A reflective thought for an inward looking into you, retelling a well-known story of TWO ZEN MONKS. My Article exclusively on Diff Truths
Carrying the Past
“Sometimes the past should be abandoned, yes. Life is a journey and you can’t carry everything with you. Only the usable baggage.” ~Ha Jin
Living in the past, holding onto grudges, and not letting go of anger seriously affect people’s lives and overall happiness.
When it comes to dealing with our emotional baggage, many of us have a challenge because we either deny the obvious, pretend everything is ok or are blinded to our issues. And so, we may find ourselves wearing a mask to hide what’s going on, deep within us.
Talking from experience, it takes more effort to keep up the facade than dealing with one’s excess weight. Have you ever ponded how our past memories becomes part of our sense of self? Recently I read a very short story which beautifully illustrated the inability or rather unwillingness of the human mind to let go of the part. It was quite an eye opener, a profound message simplified through a short story to understand the chain of facts and the main current of idea it delivered.
The Story of Two Zen Monks:
Tanzan and Ekido were walking along a country road that had become extremely muddy after heavy rains. Near a village, they came upon a young woman who was trying to cross the road, but the mud was so deep it would have ruined the silk kimono she was wearing. Tanzan at once picked her up and carried her to the other side.
The monks walked on in silence. Five hours later, as they were approaching the lodging temple, Ekido couldn’t restrain himself any longer.
“Why did you carry that girl across the road?” he asked. “We monks are not supposed to do things like that.”
“I put the girl down hours ago,” said Tanzan. “Are you still carrying her?”
The majority us live a life like Ekido all the time. I call such situation as “Indian Tele serial” unable or unwilling to let go internally of situations, accumulating more and more “stuff” inside without speaking it out and creating the suspense and drama like in Tele serials. Not only do we get taken over by unhappiness, but we want to make others just as miserable as we are in order to feed on their negative emotional reactions. That’s exactly how most of us live!!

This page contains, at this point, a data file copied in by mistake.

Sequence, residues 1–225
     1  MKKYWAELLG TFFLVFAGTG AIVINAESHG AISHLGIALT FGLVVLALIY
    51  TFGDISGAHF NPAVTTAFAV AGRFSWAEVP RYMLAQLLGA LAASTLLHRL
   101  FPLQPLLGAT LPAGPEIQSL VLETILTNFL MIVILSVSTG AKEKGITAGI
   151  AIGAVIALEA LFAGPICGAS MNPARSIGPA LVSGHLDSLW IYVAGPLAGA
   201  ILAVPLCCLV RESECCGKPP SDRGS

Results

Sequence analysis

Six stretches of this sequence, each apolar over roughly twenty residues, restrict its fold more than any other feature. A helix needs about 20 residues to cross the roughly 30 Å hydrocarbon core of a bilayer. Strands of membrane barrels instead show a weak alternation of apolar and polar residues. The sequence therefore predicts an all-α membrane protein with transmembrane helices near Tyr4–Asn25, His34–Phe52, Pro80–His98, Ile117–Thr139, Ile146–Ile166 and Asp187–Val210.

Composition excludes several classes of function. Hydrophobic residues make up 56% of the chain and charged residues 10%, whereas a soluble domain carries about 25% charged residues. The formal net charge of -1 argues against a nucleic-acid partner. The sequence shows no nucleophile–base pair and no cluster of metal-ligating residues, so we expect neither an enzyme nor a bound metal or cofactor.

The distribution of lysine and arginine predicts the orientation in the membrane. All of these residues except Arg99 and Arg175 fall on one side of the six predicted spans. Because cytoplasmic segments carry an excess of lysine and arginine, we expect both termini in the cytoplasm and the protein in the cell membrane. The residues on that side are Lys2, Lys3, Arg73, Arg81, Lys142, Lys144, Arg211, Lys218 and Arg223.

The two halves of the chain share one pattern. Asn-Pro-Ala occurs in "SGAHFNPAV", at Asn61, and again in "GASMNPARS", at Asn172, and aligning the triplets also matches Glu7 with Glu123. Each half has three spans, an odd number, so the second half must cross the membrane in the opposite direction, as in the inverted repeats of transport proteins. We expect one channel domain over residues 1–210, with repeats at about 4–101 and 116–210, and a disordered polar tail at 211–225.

Through past memories we learn past mistakes. What we always fail to understand is that it is only when memories, that is to say, thoughts about the past, take us over completely that they turn into a burden, turn problematic, and become part of our sense of self. Our personality, which is conditioned by the past, then becomes your prison. Our memories are invested with a sense of self, and our story becomes who you perceive ourselves to be. This “little me” is an illusion that obscures your true identity as Presence.
We must learn to break the habit of accumulating and perpetuating old emotion and refrain from mentally dwelling on the past, regardless of whether something happened yesterday or thirty years ago. We must learn not to keep situations or events alive in our minds, but to return our attention continuously to the current present moment rather than be caught up in mental Indian Tele serial making.
By focusing on today, Presence becomes our identity, rather than our thoughts and emotions. It is a true say that “This, too, will pass” When things are bad, it won’t always be this way. When things are good, it won’t always be this way either. So be Present and enjoy every great moment. We can’t undo whatever had happened in the past, neither can it prevent us from being present now; and if the past cannot prevent you from being present now, what power does it have?